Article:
Labour claimed that the SNP's approach to the currency was "a shambles" while the Conservatives said Ms Sturgeon's remarks showed that she was "flimsy and insincere" on the most important of questions.
Sturgeon told BBC Radio Scotland: "I'm not in charge of the Brexit process, I do not know exactly what timescale that is going to follow or how that will unfold". It's about how much money we have to spend on schools and hospitals, what money wages and pensions will be paid in, and will determine how families pay the bills.
Mrs Sturgeon is advocating a referendum for Scotland's secession, although she recognizes that European Union membership would take longer as the country would need to apply for membership.
Ms Sturgeon said the SNP would "protect people form the worst impacts of Tory cuts on soical security".
She said: "We have argued and continue to argue either for it to be scrapped or for fundamental reform of the Common Fisheries Policy".
Ms Sturgeon's predecessor Alex Salmond became First Minister on May 16 2007.
Speaking to activists in South Queensferry, outside Edinburgh, Ms Sturgeon said: "I know we are not flawless". Strengthening Scotland's hand against an unchecked Tory Government which thinks it can just do what it likes and get away with it.
'I think people, if they stop and think about a Scottish Government that's got more powers than any previous Scottish Government, that's got a bigger budget than any previous Scottish Government, what they could have done in 10 years if they hadn't spent so much time trying to rip Scotland out of the United Kingdom and continuing to do so. We haven't got everything right and there is much more work still to do - work to grow our economy, get more people into employment and drive up standards in our schools even further.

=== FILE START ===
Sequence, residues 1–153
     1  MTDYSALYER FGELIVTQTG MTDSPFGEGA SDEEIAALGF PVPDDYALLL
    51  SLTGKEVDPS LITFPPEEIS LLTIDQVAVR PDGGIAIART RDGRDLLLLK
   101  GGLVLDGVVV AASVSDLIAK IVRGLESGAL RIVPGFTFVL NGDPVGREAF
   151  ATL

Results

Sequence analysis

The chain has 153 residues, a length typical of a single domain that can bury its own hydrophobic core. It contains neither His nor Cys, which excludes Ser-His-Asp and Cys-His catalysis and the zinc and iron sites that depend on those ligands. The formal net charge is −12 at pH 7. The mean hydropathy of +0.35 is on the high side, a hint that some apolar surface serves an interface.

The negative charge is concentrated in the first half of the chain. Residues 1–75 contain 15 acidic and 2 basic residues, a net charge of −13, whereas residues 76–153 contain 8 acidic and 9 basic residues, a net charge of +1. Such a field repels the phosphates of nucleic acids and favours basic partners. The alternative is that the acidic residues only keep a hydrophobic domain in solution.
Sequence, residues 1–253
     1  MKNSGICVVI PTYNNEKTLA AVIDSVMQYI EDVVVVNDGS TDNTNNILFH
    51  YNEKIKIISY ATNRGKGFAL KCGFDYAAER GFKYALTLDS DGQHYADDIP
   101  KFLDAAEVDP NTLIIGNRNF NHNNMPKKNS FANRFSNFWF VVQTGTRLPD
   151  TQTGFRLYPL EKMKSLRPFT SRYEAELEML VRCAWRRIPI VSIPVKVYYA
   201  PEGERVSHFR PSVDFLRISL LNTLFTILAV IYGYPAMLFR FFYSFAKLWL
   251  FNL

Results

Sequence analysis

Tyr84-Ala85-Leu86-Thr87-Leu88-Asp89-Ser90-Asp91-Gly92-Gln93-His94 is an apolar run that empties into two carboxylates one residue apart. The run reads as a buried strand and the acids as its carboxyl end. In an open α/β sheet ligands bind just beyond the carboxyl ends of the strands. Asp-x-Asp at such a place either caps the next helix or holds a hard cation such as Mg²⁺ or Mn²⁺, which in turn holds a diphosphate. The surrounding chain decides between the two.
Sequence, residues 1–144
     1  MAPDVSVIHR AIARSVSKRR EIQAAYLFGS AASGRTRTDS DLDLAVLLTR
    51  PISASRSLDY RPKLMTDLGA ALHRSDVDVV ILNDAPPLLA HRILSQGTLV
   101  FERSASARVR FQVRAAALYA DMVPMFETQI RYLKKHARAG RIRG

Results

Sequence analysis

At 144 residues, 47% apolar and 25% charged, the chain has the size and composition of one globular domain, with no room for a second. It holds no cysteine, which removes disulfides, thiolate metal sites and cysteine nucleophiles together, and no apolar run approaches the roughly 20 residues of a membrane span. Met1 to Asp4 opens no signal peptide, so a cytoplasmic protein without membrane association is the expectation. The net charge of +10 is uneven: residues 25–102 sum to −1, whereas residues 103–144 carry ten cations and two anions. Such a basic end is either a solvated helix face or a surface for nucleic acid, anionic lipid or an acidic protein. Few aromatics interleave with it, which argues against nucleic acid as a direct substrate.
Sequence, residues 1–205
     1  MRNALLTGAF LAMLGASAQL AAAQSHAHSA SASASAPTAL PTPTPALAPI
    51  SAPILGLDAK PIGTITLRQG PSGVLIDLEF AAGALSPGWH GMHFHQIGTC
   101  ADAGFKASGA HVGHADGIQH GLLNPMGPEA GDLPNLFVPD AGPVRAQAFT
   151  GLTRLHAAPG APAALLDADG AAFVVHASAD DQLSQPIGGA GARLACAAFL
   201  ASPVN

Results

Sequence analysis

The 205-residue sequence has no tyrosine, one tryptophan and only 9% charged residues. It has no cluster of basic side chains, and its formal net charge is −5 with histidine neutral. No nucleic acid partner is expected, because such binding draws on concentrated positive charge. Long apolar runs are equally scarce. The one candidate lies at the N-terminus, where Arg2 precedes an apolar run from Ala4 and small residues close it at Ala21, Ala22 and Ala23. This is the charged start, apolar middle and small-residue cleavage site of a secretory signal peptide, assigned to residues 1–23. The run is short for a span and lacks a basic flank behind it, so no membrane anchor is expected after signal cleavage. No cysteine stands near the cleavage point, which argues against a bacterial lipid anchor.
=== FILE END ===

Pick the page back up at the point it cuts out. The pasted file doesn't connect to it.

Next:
"Labour launched its own manifesto this morning, and numerous policies in Labour's manifesto will seem very familiar".
The SNP leader said that if the polls prove right, Jeremy Corbyn's party would be in "meltdown" after June 8 and incapable of standing up to Prime Minister Theresa May.
The Scottish Government put forward proposals at the end of previous year in an attempt to create a bespoke Brexit deal for Scotland - where the vote to remain was 62% - but Ms Sturgeon said they were "dismissed out of hand by the Prime Minister".
"The fact is that they have had the chance to back the SNP's progressive policies - but instead they opposed them tooth and nail". "We have an opportunity in this election to strengthen, not Theresa May's hand, but strengthen Scotland's hand".
"Labour's manifesto gives voters a real choice: a fairer Scotland for the many, not the few; or a Scotland caught between the two extremes of Tory and SNP nationalism".
The SNP leader was asked about the Scottish Government's currency proposals for an independent Scotland at a second referendum.
Scottish Liberal Democrats leader Willie Rennie said: "People are getting exhausted of the SNP and all their promises".